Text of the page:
The Price of Convenience


It finally happened. Cauliflower rice came to my favorite discount grocery store. I picked up the frozen package and was practically dancing with joy.

Until I saw the price. Even at my go-to discount store it was $4.00 for a frankly small bag of cauliflower ‘rice’.

Well, huh. Just huh.

I wandered back over to the fresh product section and double checked the price of a large head of fresh cauliflower. That turned out to be $1.99.

Well, huh. Just huh.

I bought the fresh produce, went home and literally after a minute of prep which included breaking the head into flowerets and processing them in my food processor, I had twice as much cauliflower rice for half the price.

The incident got me thinking, the cost of convenience really was steep.  From those cute little bags of grated cheese to cubed and marinated meat ready to grill, buying food that was already prepped on some level is expensive and really adds up.

I read that the average annual food bill for Americans is more than $7,500 and of that, a whopping 60 percent is spent on convenience foods and non-alcoholic drinks such as soda. This means that more than half of your food budget isn’t even going to food that you actually cook or prepare.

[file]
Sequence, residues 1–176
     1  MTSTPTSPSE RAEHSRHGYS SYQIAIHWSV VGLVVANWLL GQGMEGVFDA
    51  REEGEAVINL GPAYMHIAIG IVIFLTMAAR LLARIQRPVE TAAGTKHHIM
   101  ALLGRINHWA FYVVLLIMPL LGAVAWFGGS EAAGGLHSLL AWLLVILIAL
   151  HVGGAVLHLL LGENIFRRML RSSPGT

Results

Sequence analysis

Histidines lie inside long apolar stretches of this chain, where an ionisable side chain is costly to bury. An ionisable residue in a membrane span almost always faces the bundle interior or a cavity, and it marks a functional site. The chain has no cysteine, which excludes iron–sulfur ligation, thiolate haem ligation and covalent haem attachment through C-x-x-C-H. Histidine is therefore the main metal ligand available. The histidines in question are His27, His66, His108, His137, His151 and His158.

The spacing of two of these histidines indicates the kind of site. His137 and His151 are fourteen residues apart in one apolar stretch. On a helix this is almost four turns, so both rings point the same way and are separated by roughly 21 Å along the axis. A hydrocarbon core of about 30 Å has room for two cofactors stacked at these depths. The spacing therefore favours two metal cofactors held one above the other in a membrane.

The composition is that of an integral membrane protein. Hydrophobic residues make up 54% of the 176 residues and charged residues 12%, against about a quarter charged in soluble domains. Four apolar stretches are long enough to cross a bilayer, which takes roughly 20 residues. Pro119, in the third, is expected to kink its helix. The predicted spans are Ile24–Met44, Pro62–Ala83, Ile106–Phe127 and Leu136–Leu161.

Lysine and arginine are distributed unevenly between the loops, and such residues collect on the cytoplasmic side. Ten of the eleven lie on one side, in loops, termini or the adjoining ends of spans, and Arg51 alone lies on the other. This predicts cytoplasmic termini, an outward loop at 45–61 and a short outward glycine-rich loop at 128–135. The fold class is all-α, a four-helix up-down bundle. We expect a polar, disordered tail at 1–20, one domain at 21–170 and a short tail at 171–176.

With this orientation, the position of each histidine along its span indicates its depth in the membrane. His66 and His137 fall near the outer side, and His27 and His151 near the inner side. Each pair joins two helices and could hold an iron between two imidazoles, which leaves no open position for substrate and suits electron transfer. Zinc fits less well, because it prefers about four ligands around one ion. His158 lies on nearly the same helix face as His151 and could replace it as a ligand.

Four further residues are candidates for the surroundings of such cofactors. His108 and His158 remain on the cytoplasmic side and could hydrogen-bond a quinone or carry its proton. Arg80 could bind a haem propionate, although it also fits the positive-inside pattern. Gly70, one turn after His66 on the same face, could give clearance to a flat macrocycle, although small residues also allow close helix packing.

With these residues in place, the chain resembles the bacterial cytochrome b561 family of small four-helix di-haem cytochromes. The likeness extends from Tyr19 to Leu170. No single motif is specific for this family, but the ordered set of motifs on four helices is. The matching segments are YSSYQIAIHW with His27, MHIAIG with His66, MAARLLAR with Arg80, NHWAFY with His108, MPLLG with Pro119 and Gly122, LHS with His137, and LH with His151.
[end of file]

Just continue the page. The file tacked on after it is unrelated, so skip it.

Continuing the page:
And let’s be real, most of that convenience food is pure junk.

Don’t believe me? Next time you go to the grocery store, do a little snooping. Just glance into other customers’ carts to see what the average consumer is buying these days. It will scare you straight out of the chip aisle and send you running into the fresh produce department. Convenience food is the so-called food that makes you fat, raises your cholesterol and basically destroys your health. It is full of salt, sugar and chemicals galore.


Now, I am not saying the occasional bag of chocolate chip cookies is going to ruin your life but bypassing most all of the prepared foods will absolutely be better for your health in the long run. Spend an hour every weekend prepping all your veggies and fruit and reap the rewards all week long as well as save big money in the long term.


The cups of instant oatmeal run about $1.50 each. For that price, I can eat oatmeal for breakfast for weeks on end. No really. And it takes but a few minutes to cook on the stovetop and made the night before, I reheat that office the next day.

So, fugal tip of the week: spend an hour a week prepping and forgo the prepared, packaged, prepped and instant versions of what is not real food after all.

An hour of prep time seems like a bargain when you think about the money you will save.









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